Seeding is usually the most economical method to establish a new lawn. Warm season-grasses should be started in May, June, or July. Cool-season grasses should be seeded in late August or September. Before seeding have a soil test taken to determine lime and fertilizer recommendations. Examine the area for persistent, hard to control weeds. You may need to apply a non-selective herbicide several weeks before seeding. If the soil is compacted you should till the soil to a dept of 6 to 8 inches. Incorporating a 2- to 3-inch layer of organic matter is encouraged. Allow the soil to settle and rake to eliminate low spots.

To ensure uniform seed coverage, use a centrifugal (rotary) or drop type spreader. Apply half the seed in one direction and the other half moving at right angles to the first pass. Lightly cover the seed by hand raking. Roll the soil lightly to firm the surface and provide good seed-to-soil contact.

Mulch the bare ground with weed-free small grain straw or hay. Use one bale per 1,000 square feet for warm season grasses and 1 to 2 bales for cool season grasses. You should be able to see half the soil through the mulch. Mulching will help conserve moisture, keep the soil surface cool, reduces erosion and surface crusting until establishment. Once in place, stabilize the mulch by rolling or watering. If applied evenly and lightly, the mulch does not need to be removed.

To prevent drying, keep the top 1/2 inch of the soil moist. This may require light watering two or three times a day for 15 to 20 days. Germinating seedlings can die in a few hours if they become dry. Bluegrass takes 7 to 14 days longer to germinate than other cool-season grasses. For mixtures containing bluegrass, do not make the mistake of decreasing water as soon as the seedlings appear. Continue watering until the bluegrass seedlings emerge. As the seedlings grow and root, water less often but to a greater depth.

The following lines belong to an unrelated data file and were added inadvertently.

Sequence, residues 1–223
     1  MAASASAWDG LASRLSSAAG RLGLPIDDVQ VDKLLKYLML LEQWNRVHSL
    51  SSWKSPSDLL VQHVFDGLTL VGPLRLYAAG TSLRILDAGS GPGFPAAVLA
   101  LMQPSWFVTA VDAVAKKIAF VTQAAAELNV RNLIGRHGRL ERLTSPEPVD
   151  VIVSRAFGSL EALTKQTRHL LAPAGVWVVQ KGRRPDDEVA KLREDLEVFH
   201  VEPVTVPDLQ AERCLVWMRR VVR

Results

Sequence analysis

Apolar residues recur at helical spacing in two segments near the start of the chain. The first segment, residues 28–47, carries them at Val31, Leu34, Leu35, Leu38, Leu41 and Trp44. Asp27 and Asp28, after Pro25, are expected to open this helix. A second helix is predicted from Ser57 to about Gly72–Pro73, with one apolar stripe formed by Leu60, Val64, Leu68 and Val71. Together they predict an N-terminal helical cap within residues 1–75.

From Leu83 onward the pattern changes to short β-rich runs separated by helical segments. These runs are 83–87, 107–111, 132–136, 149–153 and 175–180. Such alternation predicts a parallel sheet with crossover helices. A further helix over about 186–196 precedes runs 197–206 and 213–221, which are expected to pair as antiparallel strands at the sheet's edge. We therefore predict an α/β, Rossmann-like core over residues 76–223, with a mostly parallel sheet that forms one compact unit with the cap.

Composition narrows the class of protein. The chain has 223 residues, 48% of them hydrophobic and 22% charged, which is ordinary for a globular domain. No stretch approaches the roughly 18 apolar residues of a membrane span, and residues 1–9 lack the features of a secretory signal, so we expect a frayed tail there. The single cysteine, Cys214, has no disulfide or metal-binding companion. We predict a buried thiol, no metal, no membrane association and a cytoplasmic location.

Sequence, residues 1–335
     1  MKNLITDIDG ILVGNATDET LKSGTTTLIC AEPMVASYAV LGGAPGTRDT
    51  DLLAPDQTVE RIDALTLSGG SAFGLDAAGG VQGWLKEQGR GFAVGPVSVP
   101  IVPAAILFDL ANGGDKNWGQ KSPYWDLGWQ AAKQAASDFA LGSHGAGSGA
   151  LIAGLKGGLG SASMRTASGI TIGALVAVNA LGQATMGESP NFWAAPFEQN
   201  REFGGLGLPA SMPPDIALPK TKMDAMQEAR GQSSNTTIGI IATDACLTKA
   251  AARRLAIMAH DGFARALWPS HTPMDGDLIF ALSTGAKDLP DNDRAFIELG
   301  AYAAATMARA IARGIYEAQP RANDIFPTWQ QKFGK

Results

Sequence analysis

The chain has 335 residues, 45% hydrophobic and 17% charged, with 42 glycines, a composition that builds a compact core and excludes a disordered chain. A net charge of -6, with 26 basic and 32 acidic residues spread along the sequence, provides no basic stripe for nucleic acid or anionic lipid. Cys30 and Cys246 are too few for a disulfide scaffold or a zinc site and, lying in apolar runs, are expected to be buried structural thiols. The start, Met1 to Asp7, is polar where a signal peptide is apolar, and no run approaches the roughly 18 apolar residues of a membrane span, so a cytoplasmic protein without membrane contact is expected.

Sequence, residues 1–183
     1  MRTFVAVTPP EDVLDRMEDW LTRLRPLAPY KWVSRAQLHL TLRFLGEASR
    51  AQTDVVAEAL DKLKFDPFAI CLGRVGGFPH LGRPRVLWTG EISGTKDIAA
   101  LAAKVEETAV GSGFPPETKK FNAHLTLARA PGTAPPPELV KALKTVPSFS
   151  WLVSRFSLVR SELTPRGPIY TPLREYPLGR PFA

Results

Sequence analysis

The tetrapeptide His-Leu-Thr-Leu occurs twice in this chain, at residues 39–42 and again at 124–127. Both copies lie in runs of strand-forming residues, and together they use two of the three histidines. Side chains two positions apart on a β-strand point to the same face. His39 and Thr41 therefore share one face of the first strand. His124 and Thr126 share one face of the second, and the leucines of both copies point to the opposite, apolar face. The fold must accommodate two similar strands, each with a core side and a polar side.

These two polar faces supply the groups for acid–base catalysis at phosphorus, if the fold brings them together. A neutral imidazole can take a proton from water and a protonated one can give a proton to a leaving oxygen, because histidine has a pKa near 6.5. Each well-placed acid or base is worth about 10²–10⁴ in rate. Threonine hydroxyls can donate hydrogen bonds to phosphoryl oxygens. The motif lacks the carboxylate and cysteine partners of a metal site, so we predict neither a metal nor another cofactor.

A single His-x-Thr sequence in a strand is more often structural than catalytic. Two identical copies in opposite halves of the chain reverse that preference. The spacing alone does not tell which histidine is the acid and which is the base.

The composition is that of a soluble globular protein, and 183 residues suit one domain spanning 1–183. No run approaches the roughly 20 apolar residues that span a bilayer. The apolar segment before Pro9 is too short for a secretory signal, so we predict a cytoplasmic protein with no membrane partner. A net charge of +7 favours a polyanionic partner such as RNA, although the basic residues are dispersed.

Apply a starter type fertilizer to the soil surface. Use 10 pounds of 5-10-10 or 5 pounds of 10-20-20 per 1,000 square feet. The best time is shortly after seed emergence. This surface application should be made in addition to the fertilizer incorporated into the soil.

Begin mowing as soon as the grass is 50 percent higher than the desired height. For example, mow tall fescue back to 3 inches when it reaches 4 1/2 inches.

Consumer Horticulture | Quick Reference

© Erv Evans, Consumer Horticulturalist
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